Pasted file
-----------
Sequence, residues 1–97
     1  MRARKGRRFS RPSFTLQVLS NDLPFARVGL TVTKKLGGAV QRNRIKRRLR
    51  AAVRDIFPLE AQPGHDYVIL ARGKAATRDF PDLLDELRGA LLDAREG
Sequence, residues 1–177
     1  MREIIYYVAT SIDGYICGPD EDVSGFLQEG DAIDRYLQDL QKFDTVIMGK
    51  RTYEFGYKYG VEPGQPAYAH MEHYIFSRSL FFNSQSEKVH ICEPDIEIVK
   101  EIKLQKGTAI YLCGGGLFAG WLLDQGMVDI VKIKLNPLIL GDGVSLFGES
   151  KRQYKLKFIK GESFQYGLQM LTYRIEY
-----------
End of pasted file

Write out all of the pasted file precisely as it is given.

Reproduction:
Sequence, residues 1–97
     1  MRARKGRRFS RPSFTLQVLS NDLPFARVGL TVTKKLGGAV QRNRIKRRLR
    51  AAVRDIFPLE AQPGHDYVIL ARGKAATRDF PDLLDELRGA LLDAREG
Sequence, residues 1–177
     1  MREIIYYVAT SIDGYICGPD EDVSGFLQEG DAIDRYLQDL QKFDTVIMGK
    51  RTYEFGYKYG VEPGQPAYAH MEHYIFSRSL FFNSQSEKVH ICEPDIEIVK
   101  EIKLQKGTAI YLCGGGLFAG WLLDQGMVDI VKIKLNPLIL GDGVSLFGES
   151  KRQYKLKFIK GESFQYGLQM LTYRIEY